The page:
Norma* (*indicates a pseudonym) was 12 when her father began raping her. She became pregnant shortly thereafter. Though abortion is legal in Ecuador when a woman or girl’s life or health is in danger, no one told her this. She gave birth despite not wanting the baby.
Fatima* was also 12 when she became pregnant after being raped by a man in her community in Guatemala. Abortion is only legal in Guatemala to save a woman or girl’s life. Though the pregnancy was risky because of Fatima’s young age, health providers never offered her a legal abortion, and she carried the pregnancy to term.
Two other girls, Lucia* and Susana,* became pregnant from rape at age 13. Lucia’s pregnancy happened after more than a year of abuse by her priest. For Susana, years of abuse by her grandfather led to an unwanted pregnancy. They are from Nicaragua, where abortion is banned completely. They too gave birth.
Each of these girls became pregnant from rape before turning 14. All were further victimized by laws and policies that treat abortion as a crime in most – or all – circumstances.
Today Norma, Fatima, Lucia, and Susana – now young women – brought their cases to the United Nations Human Rights Committee in Geneva with the backing of advocates and lawyers from Latin American and international women’s rights organizations. They are seeking justice and urging the committee to demand that their countries guarantee access to safe and legal abortion.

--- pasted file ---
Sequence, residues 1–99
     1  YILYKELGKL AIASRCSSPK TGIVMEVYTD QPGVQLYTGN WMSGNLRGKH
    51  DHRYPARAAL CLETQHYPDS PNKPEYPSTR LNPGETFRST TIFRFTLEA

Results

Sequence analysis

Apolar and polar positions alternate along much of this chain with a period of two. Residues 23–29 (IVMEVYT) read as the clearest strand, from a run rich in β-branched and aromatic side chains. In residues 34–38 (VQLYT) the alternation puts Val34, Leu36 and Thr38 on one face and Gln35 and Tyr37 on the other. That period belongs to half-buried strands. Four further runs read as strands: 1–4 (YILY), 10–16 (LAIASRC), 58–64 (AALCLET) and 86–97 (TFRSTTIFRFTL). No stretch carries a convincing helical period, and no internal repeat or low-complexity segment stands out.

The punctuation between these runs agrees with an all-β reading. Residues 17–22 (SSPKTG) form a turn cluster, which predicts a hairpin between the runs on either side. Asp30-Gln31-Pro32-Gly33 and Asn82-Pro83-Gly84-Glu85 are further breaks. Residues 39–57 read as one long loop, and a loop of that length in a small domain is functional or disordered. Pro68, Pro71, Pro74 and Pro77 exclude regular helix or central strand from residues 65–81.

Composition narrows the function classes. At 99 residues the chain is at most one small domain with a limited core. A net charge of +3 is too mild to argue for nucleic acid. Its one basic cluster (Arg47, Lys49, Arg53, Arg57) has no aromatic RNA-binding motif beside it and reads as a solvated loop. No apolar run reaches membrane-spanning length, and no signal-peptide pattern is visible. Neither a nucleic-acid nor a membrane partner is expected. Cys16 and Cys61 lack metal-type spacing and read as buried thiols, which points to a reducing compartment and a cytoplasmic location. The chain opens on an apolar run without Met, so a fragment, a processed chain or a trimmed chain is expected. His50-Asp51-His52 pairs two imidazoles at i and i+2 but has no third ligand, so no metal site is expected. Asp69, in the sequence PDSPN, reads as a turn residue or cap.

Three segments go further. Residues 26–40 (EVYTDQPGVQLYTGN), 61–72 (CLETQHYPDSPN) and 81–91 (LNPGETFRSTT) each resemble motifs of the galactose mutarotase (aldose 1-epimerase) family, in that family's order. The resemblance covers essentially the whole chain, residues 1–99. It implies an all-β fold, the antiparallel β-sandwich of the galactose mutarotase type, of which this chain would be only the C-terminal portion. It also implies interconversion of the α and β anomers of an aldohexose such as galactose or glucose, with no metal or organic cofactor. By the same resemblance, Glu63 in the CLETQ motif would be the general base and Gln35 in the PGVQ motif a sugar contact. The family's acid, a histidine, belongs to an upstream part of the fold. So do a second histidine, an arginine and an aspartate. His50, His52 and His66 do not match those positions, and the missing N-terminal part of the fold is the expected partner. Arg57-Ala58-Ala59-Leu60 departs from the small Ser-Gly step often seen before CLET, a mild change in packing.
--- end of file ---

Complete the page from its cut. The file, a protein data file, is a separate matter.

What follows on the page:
Sexual violence against girls in Latin America and the Caribbean is a serious human rights and public health concern, with thousands of rape survivors under 14 giving birth each year. Additionally, Ecuador, Guatemala, and Nicaragua are among many countries in the region that heavily restrict access to abortion or ban it entirely, which is devastating for rape survivors.
Girls are especially disadvantaged, as they often have less access to information about safe abortion and may not recognize the early signs of a pregnancy, problems often compounded by inadequate or virtually nonexistent sexuality education in schools.
No rape survivor should be forced into motherhood without the chance to consider a safe and legal abortion. As Norma, Fatima, Lucia, and Susana brought their cases to the committee in Geneva, people all over the world showed solidarity by posting pictures of themselves holding signs that read “Son #NiñasNoMadres.” They are girls, not mothers.